USA Today, February 3, 2015
Eric Holder’s lawless legacy
by James Bovard
As Holder retires, Obama’s attorney general bulldog should be vilified, not praised
Eric Holder is reaping applause as his six-year reign as Attorney General comes to a close. But Holder’s record is profoundly disappointing to anyone who expected the Obama administration to renounce the abuses of the previous administration. Instead, Holder championed a Nixonian-style legal philosophy that presumed that any action the president orders is legal.
Holder championed President Obama’s power to assassinate people outside the United States — including Americans — based solely on the president’s secret decrees. On March 6, 2012, Holder defended presidentially-ordered killings: “Due process and judicial process are not one and the same, particularly when it comes to national security. The Constitution guarantees due process, it does not guarantee judicial process.” TV comedian Stephen Colbert mocked Holder: “Trial by jury, trial by fire, rock, paper scissors, who cares? Due process just means that there is a process that you do.” For Holder and the Obama administration, reciting certain legal phrases in secret memos was all it took to justify executions.
Though Holder had criticized the Bush administration’s warrantless wiretaps before he took office, he became the key defender of National Security Agency’s email dragnet. Even after Edward Snowden had revealed that the NSA was illegally vacuuming up millions of Americans’ email and other communications, Holder falsely proclaimed in June 2013 that, “The Government cannot target anyone… unless there is an appropriate, and documented, foreign intelligence purpose for the acquisition (such as for the prevention of terrorism, hostile cyber activities, or nuclear proliferation…” But confidential documents revealed that the NSA’s definition of terrorist suspect is so ludicrously broad that it includes “someone searching the web for suspicious stuff.”
Holder has continued the tradition of previous attorney generals of exonerating government officials who commit politically-approved crimes. Though President Obama admitted that U.S. government officials were guilty of torture, the only CIA official that Holder prosecuted was John Kirakou, a courageous whistleblower who publicly admitted that the CIA was waterboarding. Holder is also complicit in the Obama administration’s decision to suppress a massive amount of information about illegal interrogation practices that occurred during the prior administration.
Holder was lavishly praised last month after he announced that the Justice Department will cease sharing loot seized from Americans with state and local police. But in 2009, shortly after he took office, Holder bragged at the Asset Forfeiture National Leadership Conference about his role in championing forfeiture in congressional testimony ten years earlier and proclaimed that “the Asset Forfeiture Program provides vitally important funding for law enforcement.” Holder reversed course last month only after a Washington Post expose proved that his favored program created an incentive for lawmen to wrongfully confiscate property from thousands of innocent Americans. Holder has proposed no compensation to the victims of the seizure frenzy he helped unleash.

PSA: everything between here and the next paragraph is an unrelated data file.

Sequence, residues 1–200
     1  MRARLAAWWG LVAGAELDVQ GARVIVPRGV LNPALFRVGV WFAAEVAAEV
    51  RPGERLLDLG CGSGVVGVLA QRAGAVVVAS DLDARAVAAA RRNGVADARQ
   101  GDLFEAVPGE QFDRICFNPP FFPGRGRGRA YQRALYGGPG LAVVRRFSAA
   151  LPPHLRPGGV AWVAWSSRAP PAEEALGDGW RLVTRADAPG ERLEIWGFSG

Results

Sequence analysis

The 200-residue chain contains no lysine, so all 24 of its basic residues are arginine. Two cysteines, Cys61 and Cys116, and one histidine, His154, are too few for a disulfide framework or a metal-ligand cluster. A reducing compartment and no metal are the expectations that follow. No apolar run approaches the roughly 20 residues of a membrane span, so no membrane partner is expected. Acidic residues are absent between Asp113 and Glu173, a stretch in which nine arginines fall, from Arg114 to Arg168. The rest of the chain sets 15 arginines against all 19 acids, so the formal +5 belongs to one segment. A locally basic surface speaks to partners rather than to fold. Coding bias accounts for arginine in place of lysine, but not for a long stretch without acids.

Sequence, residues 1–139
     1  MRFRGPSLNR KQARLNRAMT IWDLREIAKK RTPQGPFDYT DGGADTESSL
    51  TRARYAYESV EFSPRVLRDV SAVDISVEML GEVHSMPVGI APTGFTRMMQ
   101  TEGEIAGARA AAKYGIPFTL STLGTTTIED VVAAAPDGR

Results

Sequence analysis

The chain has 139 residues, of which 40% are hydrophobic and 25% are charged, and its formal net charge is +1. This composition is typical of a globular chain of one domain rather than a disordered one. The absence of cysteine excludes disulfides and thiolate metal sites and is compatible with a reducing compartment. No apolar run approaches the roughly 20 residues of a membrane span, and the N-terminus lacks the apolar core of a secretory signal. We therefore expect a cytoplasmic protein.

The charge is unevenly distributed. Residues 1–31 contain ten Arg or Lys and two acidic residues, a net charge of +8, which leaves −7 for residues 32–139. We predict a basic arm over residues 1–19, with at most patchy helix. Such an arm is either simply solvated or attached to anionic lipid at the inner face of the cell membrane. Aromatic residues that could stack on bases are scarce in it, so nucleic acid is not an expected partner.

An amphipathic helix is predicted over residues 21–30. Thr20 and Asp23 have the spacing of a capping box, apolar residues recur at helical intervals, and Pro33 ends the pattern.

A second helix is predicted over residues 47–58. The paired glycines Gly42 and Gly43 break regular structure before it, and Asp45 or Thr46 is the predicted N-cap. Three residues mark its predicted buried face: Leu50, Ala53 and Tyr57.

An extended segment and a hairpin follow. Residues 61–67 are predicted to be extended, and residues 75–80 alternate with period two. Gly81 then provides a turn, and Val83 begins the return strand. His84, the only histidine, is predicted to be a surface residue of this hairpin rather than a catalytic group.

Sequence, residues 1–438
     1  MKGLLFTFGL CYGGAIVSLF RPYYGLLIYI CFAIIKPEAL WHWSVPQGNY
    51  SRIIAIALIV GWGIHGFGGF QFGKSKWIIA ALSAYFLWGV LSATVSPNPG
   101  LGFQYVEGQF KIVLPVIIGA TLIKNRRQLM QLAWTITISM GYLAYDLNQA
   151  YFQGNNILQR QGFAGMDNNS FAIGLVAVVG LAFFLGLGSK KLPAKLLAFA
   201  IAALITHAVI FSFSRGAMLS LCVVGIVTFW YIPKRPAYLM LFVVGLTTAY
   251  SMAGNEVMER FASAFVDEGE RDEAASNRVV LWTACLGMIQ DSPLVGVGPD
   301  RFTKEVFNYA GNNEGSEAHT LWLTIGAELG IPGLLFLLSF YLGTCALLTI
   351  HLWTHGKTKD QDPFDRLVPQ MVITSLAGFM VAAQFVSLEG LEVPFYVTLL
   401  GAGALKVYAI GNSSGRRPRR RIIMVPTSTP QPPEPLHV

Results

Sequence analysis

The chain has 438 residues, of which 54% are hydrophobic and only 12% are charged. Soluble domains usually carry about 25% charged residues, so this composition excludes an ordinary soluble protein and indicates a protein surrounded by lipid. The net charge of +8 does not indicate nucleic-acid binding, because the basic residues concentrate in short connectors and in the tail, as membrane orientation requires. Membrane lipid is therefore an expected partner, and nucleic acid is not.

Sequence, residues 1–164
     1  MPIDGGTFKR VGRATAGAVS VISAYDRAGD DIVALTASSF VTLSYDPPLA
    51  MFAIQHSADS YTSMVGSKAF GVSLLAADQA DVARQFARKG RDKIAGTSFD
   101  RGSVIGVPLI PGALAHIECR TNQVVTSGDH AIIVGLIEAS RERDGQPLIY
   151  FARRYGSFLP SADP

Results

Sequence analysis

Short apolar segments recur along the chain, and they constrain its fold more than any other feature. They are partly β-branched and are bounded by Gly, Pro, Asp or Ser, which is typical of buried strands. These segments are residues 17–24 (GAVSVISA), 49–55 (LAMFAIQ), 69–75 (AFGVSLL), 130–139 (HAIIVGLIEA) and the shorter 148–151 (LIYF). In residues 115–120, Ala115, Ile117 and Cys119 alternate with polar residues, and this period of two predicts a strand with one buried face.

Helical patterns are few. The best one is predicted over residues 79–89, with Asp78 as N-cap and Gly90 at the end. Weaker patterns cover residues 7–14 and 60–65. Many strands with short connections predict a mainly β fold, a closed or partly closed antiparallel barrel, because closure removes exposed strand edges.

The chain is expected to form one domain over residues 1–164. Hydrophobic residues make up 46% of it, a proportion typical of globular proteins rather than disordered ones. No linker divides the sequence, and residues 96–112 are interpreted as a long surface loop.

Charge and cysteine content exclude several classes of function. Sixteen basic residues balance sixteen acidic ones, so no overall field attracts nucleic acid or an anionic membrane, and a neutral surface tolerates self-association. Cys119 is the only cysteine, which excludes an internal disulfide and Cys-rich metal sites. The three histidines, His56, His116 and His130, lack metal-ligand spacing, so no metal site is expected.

Newspapers also heaped accolades on Holder for his declaration last month on Martin Luther King Day about “the troubling reality…that we lack the ability right now to comprehensively track” police shootings across the nation. But there was a law on the books that Congress enacted in 1994 to require the Attorney General to collect and publish annual data on “the use of excessive force by law enforcement officers.” Holder, like prior attorney generals, ignored the mandate. And the Justice Department continues covering up killings by federal agents, including a rash of fatal shootings by Border Patrol agents and the FBI killing of 27-year-old Ibragim Todashev during questioning at his Florida apartment in 2013 regarding the Boston Marathon bombing.
Since Obama was lawfully elected, Holder’s Justice Department has acted as if anything that Obama’s appointees chose to do is automatically legal. Thus, the Equal Employment Opportunity Commission concocted a new rule to punish businesses that refuses to hire ex-convicts. Thus, the Department of Housing and Urban Development devised an arbitrary new standard to punish businesses that fail to give preferential treatment to minorities (a policy that the Supreme Court will likely strike down later this year). Nor has Holder had any complaints about the White House’s frenetic rewriting of the Affordable Care Act to protect Democratic candidates from an anti-ObamaCare backlash.
After Obama himself, Holder bears primary blame for leaving the 2008 campaign promise of “hope and change” in ruins. Almost a century ago, H.L. Mencken quipped that the “ironically so-called” Justice Department was in fact “a fecund source of oppression and corruption…” Unfortunately, Holder did little in office to refute Baltimore’s best-known cynic.
James Bovard is the author of Public Policy Hooligan.